Can you tell us more about how your involvement in the Vista Lago project came about?
The first project in La Quinta was Los Olivos, which we designed. Having spent two or three years prior to that trying to design the most modern houses, we realized this style was not going to last forever. We would have to look ahead, to anticipate demand in the future. Then, when La Quinta offered us the opportunity to present ideas, we had lots of them. We realized we could keep many of the traditional elements used in the past, but make changes to the process of construction. The concrete, the tiles, the wood, for example, were all used in new ways. It was a great success, and when the chance to design phase two arose, we were happy to take it. This was basically an extension of the first part, but very difficult at the same time. We didn’t change the raw materials we used, but changed the way we used them, using white rather than grey concrete, changing the shape of the buildings for better construction with lighter materials, changing the stone we used before, which we had found locally. And that led, through Quercus, to Vista Lago Residences.
Sustainability is something we believe firmly in, not just because it is good for the future of the world and all that, or that is politically correct, but also because it reduces the cost of maintaining the house in the future.
How important is the environment and sustainability in all of this?
As you can see from the entire Vista Lago project, the question of the environment is of prime importance. It just happens that the other founder of the company, Carlos González, is a landscape architect, and all our projects reflect this. In the case of Vista Lago as well, we had to examine closely what was happening around us, and how we might take full advantage of what was there – the best views, the best orientation, trying to minimize the impact of the house, and the road, on the natural terrain.
Sustainability is something we believe firmly in, not just because it is good for the future of the world and all that, or that is politically correct, but also because it reduces the cost of maintaining the house in the future. We have certain criteria we follow as we design, in an attempt to maximize the efficiency of the house. We’ve created cross-ventilation, created large areas of shade with big cantilevers, large canopies and so on.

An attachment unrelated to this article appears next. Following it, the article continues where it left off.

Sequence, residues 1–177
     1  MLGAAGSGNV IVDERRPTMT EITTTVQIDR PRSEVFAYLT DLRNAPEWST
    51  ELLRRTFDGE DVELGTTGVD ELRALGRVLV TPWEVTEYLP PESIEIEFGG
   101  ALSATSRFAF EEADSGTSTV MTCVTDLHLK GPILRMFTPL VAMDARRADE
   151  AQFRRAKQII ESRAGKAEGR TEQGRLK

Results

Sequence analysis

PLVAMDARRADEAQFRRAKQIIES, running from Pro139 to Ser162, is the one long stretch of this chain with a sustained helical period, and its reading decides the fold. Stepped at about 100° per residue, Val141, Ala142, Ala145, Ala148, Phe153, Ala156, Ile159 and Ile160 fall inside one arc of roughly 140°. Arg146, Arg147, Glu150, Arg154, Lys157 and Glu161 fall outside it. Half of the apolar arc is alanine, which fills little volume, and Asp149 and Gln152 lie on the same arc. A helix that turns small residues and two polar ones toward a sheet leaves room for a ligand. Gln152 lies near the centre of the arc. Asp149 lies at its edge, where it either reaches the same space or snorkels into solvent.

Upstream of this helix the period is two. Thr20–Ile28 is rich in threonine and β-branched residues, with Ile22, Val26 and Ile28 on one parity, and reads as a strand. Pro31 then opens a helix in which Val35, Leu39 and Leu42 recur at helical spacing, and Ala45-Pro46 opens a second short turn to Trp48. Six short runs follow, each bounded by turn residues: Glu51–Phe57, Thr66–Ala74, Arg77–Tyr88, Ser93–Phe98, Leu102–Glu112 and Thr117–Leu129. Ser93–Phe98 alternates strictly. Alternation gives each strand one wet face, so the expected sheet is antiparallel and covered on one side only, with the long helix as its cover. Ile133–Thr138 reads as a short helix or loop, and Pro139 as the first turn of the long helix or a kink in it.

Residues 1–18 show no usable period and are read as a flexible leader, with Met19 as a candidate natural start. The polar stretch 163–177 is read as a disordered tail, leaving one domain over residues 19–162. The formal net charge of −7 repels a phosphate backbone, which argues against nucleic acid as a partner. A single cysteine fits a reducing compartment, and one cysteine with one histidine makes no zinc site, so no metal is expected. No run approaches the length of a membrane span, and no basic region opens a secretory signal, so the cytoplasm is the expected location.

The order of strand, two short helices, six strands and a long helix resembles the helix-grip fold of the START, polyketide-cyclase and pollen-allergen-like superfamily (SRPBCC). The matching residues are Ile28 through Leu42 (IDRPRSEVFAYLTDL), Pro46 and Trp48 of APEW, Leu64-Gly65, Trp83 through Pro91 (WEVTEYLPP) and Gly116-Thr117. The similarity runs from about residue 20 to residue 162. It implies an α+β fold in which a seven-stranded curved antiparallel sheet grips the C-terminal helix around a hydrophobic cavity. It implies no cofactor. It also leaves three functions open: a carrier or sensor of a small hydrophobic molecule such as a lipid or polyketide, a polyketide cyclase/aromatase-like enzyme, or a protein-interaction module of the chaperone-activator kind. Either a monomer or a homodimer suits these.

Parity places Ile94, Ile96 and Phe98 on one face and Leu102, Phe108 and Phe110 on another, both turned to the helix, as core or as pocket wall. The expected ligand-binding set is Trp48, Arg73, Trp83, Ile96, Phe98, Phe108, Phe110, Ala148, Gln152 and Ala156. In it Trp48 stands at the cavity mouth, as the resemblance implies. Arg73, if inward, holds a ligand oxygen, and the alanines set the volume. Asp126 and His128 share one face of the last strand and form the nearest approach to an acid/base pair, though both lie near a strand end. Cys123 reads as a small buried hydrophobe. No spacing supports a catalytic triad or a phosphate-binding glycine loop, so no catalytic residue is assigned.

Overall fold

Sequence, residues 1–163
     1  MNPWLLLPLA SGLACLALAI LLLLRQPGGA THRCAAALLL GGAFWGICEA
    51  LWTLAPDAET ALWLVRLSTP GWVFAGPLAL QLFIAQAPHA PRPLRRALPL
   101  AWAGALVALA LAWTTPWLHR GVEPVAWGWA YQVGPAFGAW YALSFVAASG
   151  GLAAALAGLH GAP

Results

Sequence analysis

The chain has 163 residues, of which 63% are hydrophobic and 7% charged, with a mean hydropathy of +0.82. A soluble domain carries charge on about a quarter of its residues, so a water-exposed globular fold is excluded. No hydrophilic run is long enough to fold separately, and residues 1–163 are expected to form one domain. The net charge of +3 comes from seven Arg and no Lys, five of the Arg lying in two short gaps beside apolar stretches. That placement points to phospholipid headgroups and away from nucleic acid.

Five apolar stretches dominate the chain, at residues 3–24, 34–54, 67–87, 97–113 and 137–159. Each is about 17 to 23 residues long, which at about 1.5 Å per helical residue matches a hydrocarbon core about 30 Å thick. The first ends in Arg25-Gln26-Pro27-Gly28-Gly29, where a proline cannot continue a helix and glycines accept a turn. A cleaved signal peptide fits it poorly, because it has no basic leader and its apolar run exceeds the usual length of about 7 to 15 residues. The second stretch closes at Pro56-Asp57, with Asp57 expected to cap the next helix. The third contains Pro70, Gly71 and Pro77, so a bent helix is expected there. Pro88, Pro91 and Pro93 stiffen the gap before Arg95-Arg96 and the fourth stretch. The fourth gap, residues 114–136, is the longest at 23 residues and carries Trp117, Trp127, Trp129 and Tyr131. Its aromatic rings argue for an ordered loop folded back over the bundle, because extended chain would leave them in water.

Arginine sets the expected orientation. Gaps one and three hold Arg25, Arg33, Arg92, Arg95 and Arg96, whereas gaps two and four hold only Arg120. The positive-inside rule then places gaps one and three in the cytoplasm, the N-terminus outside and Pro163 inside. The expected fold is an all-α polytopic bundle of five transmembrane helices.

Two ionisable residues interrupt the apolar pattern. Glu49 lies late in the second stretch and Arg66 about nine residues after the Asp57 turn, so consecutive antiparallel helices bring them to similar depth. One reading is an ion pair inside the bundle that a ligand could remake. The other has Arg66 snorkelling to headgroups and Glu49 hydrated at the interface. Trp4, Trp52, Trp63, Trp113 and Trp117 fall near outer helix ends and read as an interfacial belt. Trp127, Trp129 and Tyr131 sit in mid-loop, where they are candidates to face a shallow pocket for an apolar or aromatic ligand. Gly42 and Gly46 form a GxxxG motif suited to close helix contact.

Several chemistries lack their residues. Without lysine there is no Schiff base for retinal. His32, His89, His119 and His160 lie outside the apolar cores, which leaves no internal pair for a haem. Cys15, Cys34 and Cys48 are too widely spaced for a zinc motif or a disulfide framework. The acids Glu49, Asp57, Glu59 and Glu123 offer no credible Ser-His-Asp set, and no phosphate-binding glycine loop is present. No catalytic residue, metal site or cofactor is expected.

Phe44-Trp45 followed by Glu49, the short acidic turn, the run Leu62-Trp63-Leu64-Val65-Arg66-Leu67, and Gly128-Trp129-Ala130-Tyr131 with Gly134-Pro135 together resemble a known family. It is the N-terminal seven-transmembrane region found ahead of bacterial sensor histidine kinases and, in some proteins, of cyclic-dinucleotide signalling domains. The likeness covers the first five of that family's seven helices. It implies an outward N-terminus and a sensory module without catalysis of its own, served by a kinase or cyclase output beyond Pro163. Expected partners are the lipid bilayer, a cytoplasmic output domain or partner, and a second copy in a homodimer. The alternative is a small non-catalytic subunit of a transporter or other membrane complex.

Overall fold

How minimalist are you as architects?
Well, minimalist… just how minimalist can you get? What about photographs on the wall? Genuine minimalism prohibits this. In our case, we don’t set out to create minimalist architecture, but at the same time we’re opening spaces and designing windows you can’t really see, so that is minimalism too. The exterior is a reflection of the interior, and in our exteriors, we remove all non-essential elements. We don’t play with spaces by filling them up, so in that sense, you could indeed call us minimalist.
The most important thing for an architect is to have the utmost respect for his surroundings, wherever he is.
And finally, how important is it for you to design locally?
I believe it’s very important to design locally. We must remember that most of the great architectural projects in history were designed locally. But of course the world has changed and we don’t have the same distant barriers as before, so local really doesn’t exist anymore. The world is now global. The most important thing for an architect is to have the utmost respect for his surroundings, wherever he is. Really great architecture usually follows in the tradition of the area, and I think any architectural firm would be happy to design locally, to leave a footprint on the future of the area they work in. We are certainly happy to work in this region, and much of what architects do here has become a reference for the rest of the world.